The Oakland Raiders are looking to move anywhere that includes a new stadium. Incredibly, San Diego remains an option with the Chargers leaving for Los Angeles.
On Tuesday, rumors started swirling that the Raiders, they of the Las Vegas interest, might be seeing their deal slip away. Much of the potential move was riding on Sheldon Adelson, a casino tycoon, who is reportedly wiping his hands clean of the situation. Now, with Goldman Sachs also thinking of pulling their investment money, Davis is desperate.
The Raiders have made it very clear they want to move. The fans have continued to support the team in light of recent winning ways, but a return to Oakland in 2017 would be ugly. Davis has made little progress on a stadium in the city, despite obvious needs to upgrade the ancient Oakland Coliseum.
So, what for Davis to do? Apparently call up San Diego and see if a move south could be in the cards.
“They did reach out and the Raiders have expressed, for a couple of years, that they would be open and interested in San Diego,” said Kevin Acee, a San Diego Union-Tribune columnist since 1999. “Is it going to happen? If I’m betting, I’d still bet on Las Vegas.”
The wounds are still fresh in San Diego. If you take a large enough whiff, you can still smell the stench of jerseys burning. Despite all that, Acee believes fans would be open to the Raiders coming to the city.
Still, the odds are not great. Owner John Spanos had an impossible time getting funding for a new stadium in San Diego, consistently seeing proposals get voted down. If Davis has real interest in moving down the coast, he better bring — and fill — his wallet.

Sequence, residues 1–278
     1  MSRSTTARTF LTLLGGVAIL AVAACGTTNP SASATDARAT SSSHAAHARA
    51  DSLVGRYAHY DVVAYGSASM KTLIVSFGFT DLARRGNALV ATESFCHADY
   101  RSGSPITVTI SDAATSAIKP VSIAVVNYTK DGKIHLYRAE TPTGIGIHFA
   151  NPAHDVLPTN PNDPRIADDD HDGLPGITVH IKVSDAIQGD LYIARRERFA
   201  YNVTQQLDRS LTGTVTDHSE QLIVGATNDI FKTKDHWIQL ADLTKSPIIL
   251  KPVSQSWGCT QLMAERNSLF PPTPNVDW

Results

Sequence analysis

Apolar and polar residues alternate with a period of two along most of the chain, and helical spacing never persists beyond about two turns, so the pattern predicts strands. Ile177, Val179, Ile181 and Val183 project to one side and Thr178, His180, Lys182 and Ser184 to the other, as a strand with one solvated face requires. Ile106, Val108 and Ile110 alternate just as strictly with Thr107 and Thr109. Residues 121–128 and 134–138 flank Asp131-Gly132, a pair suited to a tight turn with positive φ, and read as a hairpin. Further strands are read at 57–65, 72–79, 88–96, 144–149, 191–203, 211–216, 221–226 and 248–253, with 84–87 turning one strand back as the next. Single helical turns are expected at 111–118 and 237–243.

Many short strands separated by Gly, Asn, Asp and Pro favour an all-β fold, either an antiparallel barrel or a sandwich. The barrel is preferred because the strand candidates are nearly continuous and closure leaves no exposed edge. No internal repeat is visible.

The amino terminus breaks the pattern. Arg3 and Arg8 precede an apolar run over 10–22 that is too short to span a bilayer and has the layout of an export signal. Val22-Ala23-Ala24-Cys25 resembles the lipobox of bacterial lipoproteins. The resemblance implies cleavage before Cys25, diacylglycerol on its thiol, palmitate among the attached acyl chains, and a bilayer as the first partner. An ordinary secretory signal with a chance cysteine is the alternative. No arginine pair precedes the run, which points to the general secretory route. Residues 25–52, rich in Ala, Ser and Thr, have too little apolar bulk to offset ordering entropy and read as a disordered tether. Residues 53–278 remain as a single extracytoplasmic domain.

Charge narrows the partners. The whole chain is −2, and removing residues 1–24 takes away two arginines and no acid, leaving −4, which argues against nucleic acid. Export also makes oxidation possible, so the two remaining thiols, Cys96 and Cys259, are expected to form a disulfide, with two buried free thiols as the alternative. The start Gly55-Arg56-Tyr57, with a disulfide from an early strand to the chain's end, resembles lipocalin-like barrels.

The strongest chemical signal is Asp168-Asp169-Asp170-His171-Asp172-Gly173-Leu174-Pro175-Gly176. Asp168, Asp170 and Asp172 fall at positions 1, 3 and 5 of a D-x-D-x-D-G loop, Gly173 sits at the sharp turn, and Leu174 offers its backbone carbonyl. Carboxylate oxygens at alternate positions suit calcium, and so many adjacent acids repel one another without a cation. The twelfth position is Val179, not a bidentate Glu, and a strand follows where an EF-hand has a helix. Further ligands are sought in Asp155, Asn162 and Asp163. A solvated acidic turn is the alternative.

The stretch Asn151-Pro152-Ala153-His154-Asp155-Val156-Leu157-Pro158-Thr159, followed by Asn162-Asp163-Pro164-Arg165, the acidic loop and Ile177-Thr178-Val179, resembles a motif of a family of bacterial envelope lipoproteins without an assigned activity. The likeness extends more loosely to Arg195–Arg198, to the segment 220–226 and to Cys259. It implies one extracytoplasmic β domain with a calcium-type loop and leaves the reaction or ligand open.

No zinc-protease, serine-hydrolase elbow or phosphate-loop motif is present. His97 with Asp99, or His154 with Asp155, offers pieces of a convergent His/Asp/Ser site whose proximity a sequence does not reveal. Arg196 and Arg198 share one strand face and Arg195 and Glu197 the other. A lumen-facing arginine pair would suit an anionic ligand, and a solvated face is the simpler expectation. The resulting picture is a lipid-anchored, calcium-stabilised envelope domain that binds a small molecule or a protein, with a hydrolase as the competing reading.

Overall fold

“It would be very simple to say we are trading one owner that didn’t have a whole lot of resources to get something done for another owner who has even less resources to get something done,” Acee said. “It depends on who you ask on the issue. I will tell you that the feedback when this first broke a couple years ago, and yesterday, from fans, was the overwhelming majority said ‘we would welcome the Raiders in San Diego.'”
After all, a city about to be without professional football for the first time since 1960 can’t be choosy. It has to be said that San Diego does have options, including watching the best game of the week on local television instead of the recently-woeful Chargers. Another option would be traveling a few hours to Los Angeles to watch their relocated franchise.
On the surface, that seems like the obvious move for a diehard fan not ready to move on from Philip Rivers and Antonio Gates. Then again, this is anything but a surface issue.
“There are people that will still support them,” Acee said. “However, what you need to understand is that to San Diegans, Los Angeles is another country. We don’t like L.A. I don’t think L.A. really knows we exist except when they want to take a short vacation. We don’t like L.A. We are everything they are not, with the traffic, with the smog, with the attitude, with Hollywood. We are a big small town or a small big town, take your choice. We’re laid back. We hate L.A. Not only did they leave us, they left us for our mortal enemy.”
If there is any thought of San Diego ponying up more dough after losing an NFL team, it seems to be a pipe dream. Building in California has been virtually impossible with public money, something that speaks to larger financial issues within the state.
“At best, it would be the money they offered the Chargers,” Acee said. “There is not going to be any more. If there is one guy who would, I think, settle for a less expensive stadium, it is Mark Davis.”